In CRPGs, perhaps the single most important activity is creating your character. You will have to live with it through the entire game (unless you made some horrible mistakes and have to start over). So coming up with good beginning stats is important.

At the start of CRPG gaming, the most widely-used method was virtual dice rolls. Often – though not always – these were based on 3d6 (the AD&D standard). Typically, you chose race and sex, then hit the “roll dice” button until a set of numbers came up that satisfied you, after which you chose the class.

This could take awhile, as in those days, you were creating an entire party rather than a single character. It could also be frustrating: all the numbers are good, except the main one for the class you have in mind.

I recall vaguely there was at least one Might & Magic where, after rolling dice, you could switch the stats around. So if, say, your fighter had 10 strength and 18 intelligence, you could exchange them. That was handy and helped reduce creation time somewhat.

With the move to single-character games, creation methods changed. These days, there are three main types:

The Diablo/Titan Quest cookie-cutter system. Choose a pre-generated character. Then at level gain, distribute so many points among stats and skills to customize it. Where you can put points – especially skill points – is often limited.

The Elder Scrolls system allows for some versatility, since you can create your own unique class besides taking a pre-generated one. Your choice of race, sex, major skills, favored stats, favored style (combat, magic, stealth), and birth sign all combined to provide the character’s abilities.

All these numbers are fixed; no rolling goes on below the surface. Once you know what they are, it’s not too hard to sit down and work out the best choices for the type of character you want.

In this system, skills go up by in-game usage or training. Stats increase at level gain, and by how much is controlled by skills. Use a lot of dex-based ones, and you’ll be able to increase dexterity by several points.

And then we have the Neverwinter Nights system. Here all characters begin with the same dismally-substandard set of stats. Then, from a fixed pool of points, you increment the stats of choice. The higher you make them, the more points are needed to raise them.

This method usually yields one or two high stats, with most of the others being mediocre, in the 10 or so range. Over time – every four levels – you can increase one stat by a point. It isn’t much, but sometimes is helpful.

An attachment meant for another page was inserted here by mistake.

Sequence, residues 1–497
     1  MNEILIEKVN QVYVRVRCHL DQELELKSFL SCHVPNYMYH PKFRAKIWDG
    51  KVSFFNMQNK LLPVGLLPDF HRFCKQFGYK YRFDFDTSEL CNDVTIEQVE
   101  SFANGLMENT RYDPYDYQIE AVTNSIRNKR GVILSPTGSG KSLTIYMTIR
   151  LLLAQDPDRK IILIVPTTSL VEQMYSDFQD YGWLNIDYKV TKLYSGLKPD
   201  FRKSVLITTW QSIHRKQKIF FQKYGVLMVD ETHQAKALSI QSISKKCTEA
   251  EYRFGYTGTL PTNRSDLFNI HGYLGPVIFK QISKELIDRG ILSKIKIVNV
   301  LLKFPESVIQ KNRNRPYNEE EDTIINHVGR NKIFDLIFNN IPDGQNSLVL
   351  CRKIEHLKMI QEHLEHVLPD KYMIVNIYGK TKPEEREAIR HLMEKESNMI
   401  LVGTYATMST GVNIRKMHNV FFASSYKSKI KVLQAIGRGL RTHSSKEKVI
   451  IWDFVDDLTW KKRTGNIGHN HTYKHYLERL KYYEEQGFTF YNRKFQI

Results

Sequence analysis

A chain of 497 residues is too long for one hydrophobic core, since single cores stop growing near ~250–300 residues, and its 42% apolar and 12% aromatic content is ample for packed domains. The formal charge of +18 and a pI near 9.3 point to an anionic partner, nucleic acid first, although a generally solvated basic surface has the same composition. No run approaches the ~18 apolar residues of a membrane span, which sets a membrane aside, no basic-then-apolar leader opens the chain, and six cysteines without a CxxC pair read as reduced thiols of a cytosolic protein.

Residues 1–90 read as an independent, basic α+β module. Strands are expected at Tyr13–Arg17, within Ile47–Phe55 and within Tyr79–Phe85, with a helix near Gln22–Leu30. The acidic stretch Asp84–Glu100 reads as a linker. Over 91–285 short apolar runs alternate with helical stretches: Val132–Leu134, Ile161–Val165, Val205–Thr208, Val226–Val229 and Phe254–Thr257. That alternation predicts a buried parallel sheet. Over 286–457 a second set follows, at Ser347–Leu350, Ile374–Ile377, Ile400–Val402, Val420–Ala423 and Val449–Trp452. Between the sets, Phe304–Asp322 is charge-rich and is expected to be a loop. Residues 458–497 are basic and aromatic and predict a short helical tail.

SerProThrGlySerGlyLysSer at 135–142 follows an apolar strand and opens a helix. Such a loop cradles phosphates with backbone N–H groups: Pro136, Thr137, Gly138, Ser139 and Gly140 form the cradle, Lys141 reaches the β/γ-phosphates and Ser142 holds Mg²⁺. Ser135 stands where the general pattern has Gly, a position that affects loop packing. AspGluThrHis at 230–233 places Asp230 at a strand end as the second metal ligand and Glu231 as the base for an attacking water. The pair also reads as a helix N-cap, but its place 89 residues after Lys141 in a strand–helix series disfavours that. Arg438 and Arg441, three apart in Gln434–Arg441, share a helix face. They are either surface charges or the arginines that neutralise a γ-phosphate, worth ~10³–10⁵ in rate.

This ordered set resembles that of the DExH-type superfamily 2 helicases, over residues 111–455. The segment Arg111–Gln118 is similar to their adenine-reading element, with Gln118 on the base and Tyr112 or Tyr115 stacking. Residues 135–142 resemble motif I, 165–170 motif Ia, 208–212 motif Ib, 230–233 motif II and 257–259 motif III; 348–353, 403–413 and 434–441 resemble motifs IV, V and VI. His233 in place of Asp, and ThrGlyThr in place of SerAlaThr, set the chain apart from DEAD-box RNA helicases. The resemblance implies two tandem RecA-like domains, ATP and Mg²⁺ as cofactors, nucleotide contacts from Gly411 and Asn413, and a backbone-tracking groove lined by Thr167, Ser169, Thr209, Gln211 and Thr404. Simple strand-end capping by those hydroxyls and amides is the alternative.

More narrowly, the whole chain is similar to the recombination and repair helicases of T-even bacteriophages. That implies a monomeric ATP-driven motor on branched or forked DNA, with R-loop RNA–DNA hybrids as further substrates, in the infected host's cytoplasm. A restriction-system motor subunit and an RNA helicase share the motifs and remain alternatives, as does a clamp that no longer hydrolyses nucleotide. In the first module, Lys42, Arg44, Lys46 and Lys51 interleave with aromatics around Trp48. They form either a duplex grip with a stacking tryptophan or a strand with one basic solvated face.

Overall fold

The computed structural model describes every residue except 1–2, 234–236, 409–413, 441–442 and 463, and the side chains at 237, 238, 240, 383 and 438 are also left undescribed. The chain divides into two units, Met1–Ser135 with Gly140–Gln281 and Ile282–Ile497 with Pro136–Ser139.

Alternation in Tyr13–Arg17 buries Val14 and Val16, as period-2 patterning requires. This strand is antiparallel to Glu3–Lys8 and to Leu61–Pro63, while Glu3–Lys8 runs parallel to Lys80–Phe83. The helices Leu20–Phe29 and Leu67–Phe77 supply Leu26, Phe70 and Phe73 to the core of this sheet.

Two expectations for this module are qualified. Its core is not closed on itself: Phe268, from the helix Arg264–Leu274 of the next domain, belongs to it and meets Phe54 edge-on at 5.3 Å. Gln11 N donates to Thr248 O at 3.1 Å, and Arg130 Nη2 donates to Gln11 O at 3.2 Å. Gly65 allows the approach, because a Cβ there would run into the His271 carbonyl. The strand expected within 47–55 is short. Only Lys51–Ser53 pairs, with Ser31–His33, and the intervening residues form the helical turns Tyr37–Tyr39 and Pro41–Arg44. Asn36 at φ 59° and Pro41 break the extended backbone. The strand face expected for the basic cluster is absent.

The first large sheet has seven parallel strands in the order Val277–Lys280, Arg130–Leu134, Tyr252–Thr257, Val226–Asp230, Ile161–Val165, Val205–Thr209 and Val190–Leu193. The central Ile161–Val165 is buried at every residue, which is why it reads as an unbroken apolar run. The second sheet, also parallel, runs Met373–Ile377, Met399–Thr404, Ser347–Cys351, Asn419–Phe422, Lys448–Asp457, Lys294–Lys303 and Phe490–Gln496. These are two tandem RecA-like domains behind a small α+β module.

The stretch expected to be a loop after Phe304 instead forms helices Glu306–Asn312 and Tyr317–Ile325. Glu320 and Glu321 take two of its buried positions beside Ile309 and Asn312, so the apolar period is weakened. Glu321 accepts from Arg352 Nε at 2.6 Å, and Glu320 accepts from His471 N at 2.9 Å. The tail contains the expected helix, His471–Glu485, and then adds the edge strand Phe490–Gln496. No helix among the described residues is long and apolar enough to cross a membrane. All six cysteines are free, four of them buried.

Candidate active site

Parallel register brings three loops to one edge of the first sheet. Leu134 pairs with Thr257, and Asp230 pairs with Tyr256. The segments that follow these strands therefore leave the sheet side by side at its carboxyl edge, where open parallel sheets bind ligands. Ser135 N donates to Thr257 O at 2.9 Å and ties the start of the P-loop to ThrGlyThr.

These three have one big advantage over dice rolls: they are faster, much faster. That’s an important consideration now, as many CRPGs come with the ability to play online.

Consider NWN online. The first time I entered The Light Reborn, I had to create my character, since all characters are stored on the DM’s server. Who knows how long it might have taken, if the game used dice rolls?

So when it comes to MP, the quickie systems are necessary, especially if you can’t create the character offline first. Most online games don’t allow that, for the obvious reason: to prevent cheating.

When it comes to single-player games, though, is there a reason to keep the dice-roll system? For us veterans, maybe. I’d have no problem sitting there and re-rolling until I was happy with the results (after all, we all know I RTFM first ;).

However, for many gamers these days, patience seems to be at a premium. They want to start playing as soon as possible. And yes, I know, even some “old-timers” might not have the time to do the roll-ups.

Also, with cheat codes enabled in so many products, it’s easy to adjust stats in the game and give your character whatever numbers you want. Especially if you think that, say, the point-buy system is too cheap.

With the trend not only towards single-character games, but “action/RPG” as well, it seems the days of “roll your own” are over. Whether any of the replacement systems are as good or better….well, that’s another matter. Personally, I’d rather have the dice rolls. In the mantime, I make do with what’s there (DebugMode 1…)miniscorp